“Emerging players are also seen to be systemically ‘groomed’ from an early stage by being pampered with gifts and money, and subsequently asked to throw a ‘big’ match as a favour. There is also evidence of coercive threats being used by organised crime groups on players to engage in spot fixing.”
Mr Opie says this situation can breed an inescapable cycle of bribery for athletes and officials playing outside of the rules.
If that happens once, you can be bought again because they have something on you.
“The same if you use prohibited or recreational drugs. You need a supplier, and if they are linked to organised crime, you are suddenly in much deeper than you thought,” he says.
Ms Dutta suggests the strategic implementation of a sustained and coordinated approach to counter the “deeply entrenched roots” of organised crime in sports such as cricket.
“At present, all investigations into match fixing and betting in cricket are isolated and scattered as a result of which sensitive data gets lost in navigating through conflicting laws of cricketing nations and bureaucratic channels,” she says.
“Such lapses and in coordination at the international level is exploited by organised crime syndicates to leverage benefits. Scattered, preventive approaches seen to be adopted by nations such as Australia, India and England will not help prevent the efficiently organised transnational character of match fixing.”
Cricket Australia established a dedicated integrity unit nearly two years ago, which Mr Roy says implements a prevention-first approach and ensures its policies, processes and systems are as robust as possible.
He believes educating those involved in professional sport is the key to reducing corruption at the highest level.
At least in the corruption space, the external agents can be very good at what they do, and it can be easy for young, naïve players to fall into sticky situations.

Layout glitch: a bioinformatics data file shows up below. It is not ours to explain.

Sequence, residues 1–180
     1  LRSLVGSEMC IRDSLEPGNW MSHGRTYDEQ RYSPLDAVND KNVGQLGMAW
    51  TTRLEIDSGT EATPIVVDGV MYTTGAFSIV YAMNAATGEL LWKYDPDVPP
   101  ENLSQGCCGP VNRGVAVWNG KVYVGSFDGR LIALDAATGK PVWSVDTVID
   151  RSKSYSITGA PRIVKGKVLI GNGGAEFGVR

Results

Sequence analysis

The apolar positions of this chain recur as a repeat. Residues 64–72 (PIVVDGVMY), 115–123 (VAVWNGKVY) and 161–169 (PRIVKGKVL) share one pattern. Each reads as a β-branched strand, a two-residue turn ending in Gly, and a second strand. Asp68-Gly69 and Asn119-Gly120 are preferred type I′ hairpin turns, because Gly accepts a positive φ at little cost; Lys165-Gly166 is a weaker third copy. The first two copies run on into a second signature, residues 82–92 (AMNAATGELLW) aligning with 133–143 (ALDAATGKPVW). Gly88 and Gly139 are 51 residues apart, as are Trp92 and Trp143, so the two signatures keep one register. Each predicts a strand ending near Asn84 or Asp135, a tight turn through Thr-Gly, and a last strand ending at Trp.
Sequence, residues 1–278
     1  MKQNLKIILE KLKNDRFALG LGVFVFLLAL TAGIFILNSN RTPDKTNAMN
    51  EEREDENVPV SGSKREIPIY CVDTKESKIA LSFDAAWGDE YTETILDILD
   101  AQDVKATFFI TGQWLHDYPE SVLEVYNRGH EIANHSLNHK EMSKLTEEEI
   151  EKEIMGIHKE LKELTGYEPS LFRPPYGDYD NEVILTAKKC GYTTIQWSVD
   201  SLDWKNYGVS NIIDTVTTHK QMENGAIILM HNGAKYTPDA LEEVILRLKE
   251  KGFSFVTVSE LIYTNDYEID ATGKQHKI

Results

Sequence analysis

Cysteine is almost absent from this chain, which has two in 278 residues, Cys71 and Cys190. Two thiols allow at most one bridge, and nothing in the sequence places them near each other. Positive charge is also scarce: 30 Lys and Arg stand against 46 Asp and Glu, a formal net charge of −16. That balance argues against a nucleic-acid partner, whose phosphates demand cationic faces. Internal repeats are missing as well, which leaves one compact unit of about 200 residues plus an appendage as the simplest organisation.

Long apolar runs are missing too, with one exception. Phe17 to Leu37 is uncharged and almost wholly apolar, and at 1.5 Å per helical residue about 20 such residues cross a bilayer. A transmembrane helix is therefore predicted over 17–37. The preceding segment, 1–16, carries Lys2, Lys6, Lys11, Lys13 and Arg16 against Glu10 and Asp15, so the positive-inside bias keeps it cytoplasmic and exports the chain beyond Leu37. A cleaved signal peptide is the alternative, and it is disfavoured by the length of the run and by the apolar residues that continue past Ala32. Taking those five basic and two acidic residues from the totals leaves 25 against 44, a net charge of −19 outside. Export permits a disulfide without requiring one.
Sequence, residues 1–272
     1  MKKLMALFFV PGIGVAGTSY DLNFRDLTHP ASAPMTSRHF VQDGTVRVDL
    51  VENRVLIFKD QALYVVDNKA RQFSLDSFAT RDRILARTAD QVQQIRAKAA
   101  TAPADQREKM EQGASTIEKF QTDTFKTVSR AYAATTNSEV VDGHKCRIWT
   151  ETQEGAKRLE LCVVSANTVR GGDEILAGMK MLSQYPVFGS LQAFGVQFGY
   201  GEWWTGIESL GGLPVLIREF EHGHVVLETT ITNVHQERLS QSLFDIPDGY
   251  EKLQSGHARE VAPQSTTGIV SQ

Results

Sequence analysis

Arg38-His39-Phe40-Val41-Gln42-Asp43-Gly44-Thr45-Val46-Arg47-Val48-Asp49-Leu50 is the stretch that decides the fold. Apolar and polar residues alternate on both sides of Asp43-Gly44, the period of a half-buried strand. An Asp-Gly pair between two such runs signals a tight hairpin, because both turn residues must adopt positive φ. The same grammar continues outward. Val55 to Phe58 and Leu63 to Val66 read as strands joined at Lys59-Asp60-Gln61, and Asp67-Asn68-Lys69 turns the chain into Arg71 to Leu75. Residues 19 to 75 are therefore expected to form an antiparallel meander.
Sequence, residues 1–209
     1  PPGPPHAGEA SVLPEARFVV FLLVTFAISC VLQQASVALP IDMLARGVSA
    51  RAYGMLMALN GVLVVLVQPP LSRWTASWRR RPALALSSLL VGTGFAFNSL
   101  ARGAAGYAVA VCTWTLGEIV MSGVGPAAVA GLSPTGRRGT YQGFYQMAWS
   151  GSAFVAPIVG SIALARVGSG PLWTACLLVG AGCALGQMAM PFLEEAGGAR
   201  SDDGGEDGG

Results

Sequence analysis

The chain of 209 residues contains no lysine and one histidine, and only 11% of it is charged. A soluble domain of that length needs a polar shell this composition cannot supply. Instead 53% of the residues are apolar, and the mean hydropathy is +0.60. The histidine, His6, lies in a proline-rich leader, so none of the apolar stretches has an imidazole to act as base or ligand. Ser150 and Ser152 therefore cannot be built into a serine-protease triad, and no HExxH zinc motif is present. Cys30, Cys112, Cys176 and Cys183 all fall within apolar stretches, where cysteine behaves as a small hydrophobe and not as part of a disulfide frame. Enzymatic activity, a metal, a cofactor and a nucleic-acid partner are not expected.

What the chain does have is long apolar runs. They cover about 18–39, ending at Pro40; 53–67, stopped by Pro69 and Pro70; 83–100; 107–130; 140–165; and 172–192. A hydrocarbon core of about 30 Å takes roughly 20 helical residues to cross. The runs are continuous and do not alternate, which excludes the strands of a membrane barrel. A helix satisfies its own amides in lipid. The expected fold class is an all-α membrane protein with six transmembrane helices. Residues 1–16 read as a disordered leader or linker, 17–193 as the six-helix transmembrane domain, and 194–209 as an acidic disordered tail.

“Critically, CA is placing an emphasis on educating players and relevant support personnel and building a strong ‘prevention culture’ across all of elite Australian cricket,” he says.
“The task of protecting the game against integrity risks cannot just sit with the integrity unit or CA, but is the responsibility of all in Australian cricket.”
But corruption has infiltrated the upper echelons of administration, as seen in the FIFA scandal, where votes and hosting rights can potentially be bought for the right price.
“Corruption exists at an international level - some of the very large sports are awarding contracts for sponsorships and broadcasting rights, so it is in their commercial dealings. People are taking percentages to making sure contracts are awarded to the right people,” Mr Opie says.
Australia is not immune from corruption and integrity issues. But Mr Opie says the problems abroad are far worse.
“Compared to elsewhere, the issues are not rampant. But we have got problems, and we have had problems.”
He outlines incidents in Asia where Australians have been involved, and is pushing for more co-operation among Asia-Pacific nations to fight the growing problems.
Mr Opie points to an occasion in Thailand where Japanese referees were offered bribes to umpire a game favourably; Japan subsequently assisted Thailand in a bid to improve standards and remove this sort of behaviour.
“There is a desperate need for countries of the region to start looking at this very seriously in a cooperative manner, and there are linguistic, cultural and legal challenges in that. There is a lot of work ahead, and the challenge is so great because the sums of money are massive,” he says.
Banner image: Chris Schmich